The combination of pollution, climate change, increasing political instability in key petrochemical production nations and the need for increased power storage densities for mobile applications has made the search for new and sustainable energy vectors as being one of the key academic and technological challenges in the 21st centaury. Hydrogen potentially could be the perfect fuel due to its clean combustion, high heating value and the environmentally benign process that produces water as the by-product. Hydrogen storage attracts significant political support. Key challenges remain, however, in the delivery of the so called- hydrogen economy . The production and distribution of H2 on an appropriate scale, sustainable and energy efficient manner are important challenges. However, the greatest technical problem to overcome is the effective means of storage of hydrogen between production and use. Our research has identified a fundamental material for hydrogen storage that overcomes some of the limitations of the current technologies. The benefits are: works at room temperature, release/storage controlled by electrical charge, does not need a vacuum or overpressure to work, holds hydrogen safely until triggered electrically, very fast release (<1sec) and fast (<1minute) recharge, the ability to produce the storage system cheaply. However the hydrogen storage capacity is lower than required for bulk storage for vehicles. While we hope to improve this significantly we do not expect to reach the levels obtained by metal hydrides. We therefore see the commercial potential lying in related or synergistic areas to the current hydrogen storage schemes.During the course of this project we wish to explore applications where the unique features of the technology offer significant benefits to two main commercial applications areas. Firstly the fast release/recharge characteristic suggests that this system may be useful as a hydrogen buffer for periods of high demand. Secondly we believe that a storage system could be produced as part of a silicon chip or other high volume thin film manufacturing process, thus allowing micro-storage of hydrogen for mobile phones, remote sensors etc. There may also be other non fuel based applications where hydrogen is needed in small qualities, or hydrogen needs to be extracted from a process etc.At the end of this research project we intend to have a working prototype demonstrator device that will demonstrate the potential advantages of our new technolgy. Along side this a commerial development plan will allow potential markets to be explored and funding partners for longer term investment engaged.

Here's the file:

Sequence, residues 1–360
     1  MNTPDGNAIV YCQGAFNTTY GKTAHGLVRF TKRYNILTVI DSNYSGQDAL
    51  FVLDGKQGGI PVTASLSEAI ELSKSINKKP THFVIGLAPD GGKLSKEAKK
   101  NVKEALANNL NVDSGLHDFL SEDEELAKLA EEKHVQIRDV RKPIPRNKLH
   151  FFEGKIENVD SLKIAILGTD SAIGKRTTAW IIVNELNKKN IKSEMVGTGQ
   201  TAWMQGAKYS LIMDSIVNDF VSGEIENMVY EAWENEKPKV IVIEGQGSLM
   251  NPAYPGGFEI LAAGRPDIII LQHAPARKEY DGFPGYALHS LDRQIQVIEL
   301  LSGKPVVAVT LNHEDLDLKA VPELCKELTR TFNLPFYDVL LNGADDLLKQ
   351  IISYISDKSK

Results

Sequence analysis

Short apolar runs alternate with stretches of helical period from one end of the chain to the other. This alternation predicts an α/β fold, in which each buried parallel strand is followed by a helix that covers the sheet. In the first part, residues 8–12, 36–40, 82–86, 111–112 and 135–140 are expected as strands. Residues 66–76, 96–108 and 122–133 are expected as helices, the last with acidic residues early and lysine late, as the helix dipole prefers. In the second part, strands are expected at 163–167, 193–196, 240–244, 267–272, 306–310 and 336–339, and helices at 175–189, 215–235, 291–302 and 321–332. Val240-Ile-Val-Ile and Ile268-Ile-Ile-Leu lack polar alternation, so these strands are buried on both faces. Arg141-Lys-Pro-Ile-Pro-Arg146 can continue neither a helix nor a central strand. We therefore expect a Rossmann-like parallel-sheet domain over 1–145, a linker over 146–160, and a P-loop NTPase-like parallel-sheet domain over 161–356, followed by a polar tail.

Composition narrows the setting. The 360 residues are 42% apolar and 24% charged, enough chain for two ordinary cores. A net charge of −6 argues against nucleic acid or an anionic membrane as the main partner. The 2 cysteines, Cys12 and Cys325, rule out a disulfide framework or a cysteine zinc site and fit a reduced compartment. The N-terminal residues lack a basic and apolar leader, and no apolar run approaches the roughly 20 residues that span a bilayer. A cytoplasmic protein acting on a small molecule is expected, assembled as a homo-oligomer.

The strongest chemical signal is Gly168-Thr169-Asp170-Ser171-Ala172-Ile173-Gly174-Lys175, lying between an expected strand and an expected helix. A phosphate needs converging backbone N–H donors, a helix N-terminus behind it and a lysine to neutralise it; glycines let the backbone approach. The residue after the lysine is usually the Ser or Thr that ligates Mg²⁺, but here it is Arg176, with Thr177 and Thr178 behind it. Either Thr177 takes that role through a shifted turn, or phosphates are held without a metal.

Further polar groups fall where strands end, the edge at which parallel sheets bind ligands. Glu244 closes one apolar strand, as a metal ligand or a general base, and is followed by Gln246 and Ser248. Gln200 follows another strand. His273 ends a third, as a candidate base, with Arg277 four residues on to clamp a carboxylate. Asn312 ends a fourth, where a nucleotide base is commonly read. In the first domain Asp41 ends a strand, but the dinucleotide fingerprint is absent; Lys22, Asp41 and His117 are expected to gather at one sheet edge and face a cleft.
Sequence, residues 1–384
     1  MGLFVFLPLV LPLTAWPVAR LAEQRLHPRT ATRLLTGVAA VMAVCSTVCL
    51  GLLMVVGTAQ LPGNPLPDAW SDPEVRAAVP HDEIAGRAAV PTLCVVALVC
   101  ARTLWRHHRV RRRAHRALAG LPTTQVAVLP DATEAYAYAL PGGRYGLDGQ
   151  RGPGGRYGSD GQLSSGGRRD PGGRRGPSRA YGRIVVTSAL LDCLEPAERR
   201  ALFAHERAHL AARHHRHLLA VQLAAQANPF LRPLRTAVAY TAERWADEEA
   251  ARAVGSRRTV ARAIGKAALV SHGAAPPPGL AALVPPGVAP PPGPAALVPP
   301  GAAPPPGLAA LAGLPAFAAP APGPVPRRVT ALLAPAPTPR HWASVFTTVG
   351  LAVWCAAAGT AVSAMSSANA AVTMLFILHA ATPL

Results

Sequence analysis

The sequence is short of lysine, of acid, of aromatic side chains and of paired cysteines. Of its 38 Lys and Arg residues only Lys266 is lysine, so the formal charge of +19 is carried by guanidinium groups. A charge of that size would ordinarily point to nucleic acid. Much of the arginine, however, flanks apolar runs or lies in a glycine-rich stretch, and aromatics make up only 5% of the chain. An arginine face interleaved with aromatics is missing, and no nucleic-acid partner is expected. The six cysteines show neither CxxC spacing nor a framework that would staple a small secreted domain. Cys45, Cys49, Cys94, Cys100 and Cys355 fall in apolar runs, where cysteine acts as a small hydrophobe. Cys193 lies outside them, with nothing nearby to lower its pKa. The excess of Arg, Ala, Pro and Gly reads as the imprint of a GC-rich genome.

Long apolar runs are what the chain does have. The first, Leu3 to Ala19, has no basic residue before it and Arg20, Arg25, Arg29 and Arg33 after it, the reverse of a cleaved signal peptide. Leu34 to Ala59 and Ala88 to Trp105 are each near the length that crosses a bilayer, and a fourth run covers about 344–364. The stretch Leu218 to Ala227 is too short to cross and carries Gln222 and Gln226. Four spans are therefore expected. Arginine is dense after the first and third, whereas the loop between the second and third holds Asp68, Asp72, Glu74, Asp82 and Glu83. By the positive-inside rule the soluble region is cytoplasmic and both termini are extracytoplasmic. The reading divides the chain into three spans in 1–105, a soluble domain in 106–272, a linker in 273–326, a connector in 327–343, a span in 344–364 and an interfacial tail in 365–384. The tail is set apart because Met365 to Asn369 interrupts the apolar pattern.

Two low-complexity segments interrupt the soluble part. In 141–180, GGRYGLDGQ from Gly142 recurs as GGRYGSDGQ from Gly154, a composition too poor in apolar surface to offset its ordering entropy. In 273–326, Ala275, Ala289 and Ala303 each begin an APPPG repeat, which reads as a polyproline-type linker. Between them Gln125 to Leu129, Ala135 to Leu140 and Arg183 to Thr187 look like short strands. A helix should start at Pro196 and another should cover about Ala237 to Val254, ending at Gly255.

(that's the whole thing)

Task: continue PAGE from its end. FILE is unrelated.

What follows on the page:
|Effective start/end date||1/01/08 → 31/12/08|
- Engineering and Physical Sciences Research Council